It’s not because I sell insurance, but because my job puts me into contact with insurance policies all the time, every day, and what’s worse, it puts me into contact with no insurance policies where there by all rights should have been one. I’ve written about the importance of uninsured/underinsured motorist coverage and how it can protect you when you are on a bike and you get hit by a car. If you’re unfamiliar with this crucial topic, please read this.
But recently in L.A. I’ve noticed a very disturbing trend: Cyclists who get hit by cars and who themselves have no UM/UIM coverage under their own auto policy because they don’t own a car. More and more people are simply going bipedal or bicycle-only and stepping off the one-man-one-car, an-auto-in-every-pot mentality that made America mildly great and obese and prematurely dead.
For these cyclists and pedestrians, who have no auto insurance and therefore no UM/UIM coverage to protect them when they are victimized by a hit-and-run or uninsured driver, there is actually a very practical solution. But before I get to it, I have to conquer the conversation-slaughtering effect of the word “insurance.”
Why do people hate the word so much that the moment you say it they stop listening, reading, thinking? Why so much odium surrounding a word that’s ostensibly there to protect you? I’ll tell you why: Because insurance is one of those things in life that signifies a negative obligation with no payoff. Sure, if you need it it pays off, it’s insurance, but the connotation is “pay something and get nothing.” So, like trying to sell people a “living will” or “probate services,” you’re pretty much fucked the minute you mention it.
So I figured out a way around it. All along we’ve been calling it the wrong thing. Instead of saying “insurance,” we should be calling it by its real name, which is “lottery ticket.” Now that will get anyone’s attention! Hey, can I sell you a lottery ticket?
Even if you don’t want one, at least you’re listening. And everyone has an opinion on lotteries, and deep down everyone wants a winning ticket. NO ONE WANTS A WINNING INSURANCE POLICY BECAUSE YOU GENERALLY HAVE TO GET MAIMED OR DIE. But everyone wants a lottery ticket because you might get money!!!!!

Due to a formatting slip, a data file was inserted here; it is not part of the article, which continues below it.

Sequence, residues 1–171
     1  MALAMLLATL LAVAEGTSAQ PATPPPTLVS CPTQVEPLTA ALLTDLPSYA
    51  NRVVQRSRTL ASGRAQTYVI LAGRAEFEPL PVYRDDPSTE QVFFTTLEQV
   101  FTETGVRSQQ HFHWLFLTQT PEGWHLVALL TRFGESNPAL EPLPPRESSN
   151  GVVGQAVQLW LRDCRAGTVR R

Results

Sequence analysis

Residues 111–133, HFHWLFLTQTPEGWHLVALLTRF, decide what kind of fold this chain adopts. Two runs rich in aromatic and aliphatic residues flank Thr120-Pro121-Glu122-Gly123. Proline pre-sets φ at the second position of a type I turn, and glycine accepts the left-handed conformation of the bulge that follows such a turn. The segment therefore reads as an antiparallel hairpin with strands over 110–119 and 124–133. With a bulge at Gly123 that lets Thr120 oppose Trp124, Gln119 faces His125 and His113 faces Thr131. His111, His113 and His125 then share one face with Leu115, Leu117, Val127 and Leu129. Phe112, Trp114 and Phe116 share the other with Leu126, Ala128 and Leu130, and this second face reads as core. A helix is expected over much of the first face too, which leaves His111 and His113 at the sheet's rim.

Therefore, today’s blog post is about getting a Non-Operator Lottery Ticket. These lottery tickets can be purchased even if you don’t own or drive a car or even have a driving license. The way they work is this: You go to a Lottery Ticket Sales Company (formerly known as an insurance company), and tell them you want one of these non-operator lottery tickets. They will sell you tickets which, if you win, will pay up to $500,000 if the driver who hits you is uninsured or underinsured. These lottery tickets are affordable and a must-have if you ride a bicycle and don’t own a car.
Before you go out and purchase a new speedsuit or a pair of rad cycling glasses or some more carbon to go with your 100% carbon that is all carbon, please get yourself one of these non-operator lottery tickets. Because unfortunately, if you ride enough on the streets of Los Angeles, there’s a real good chance you’re going to win.
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September 15, 2017 § 24 Comments
There are a lot of dark stories in the world today about the cager v. biker wars. And they are wars. The bikers get killed and maimed and the cagers get a speeding ticket. The bikers put in an imaginary magic protection road stripe and the cagers rip it out. The bikers say “You’re killing us!” and the cagers say “Exactly!” Cf. Jennifer King and the troll triumvirate of Garrett Uno, Cynthia “the Beast” Uno, Robert Lewis Chapman, Jr., and the unbearable heaviness of cager hate and stunted lives of those who wage it.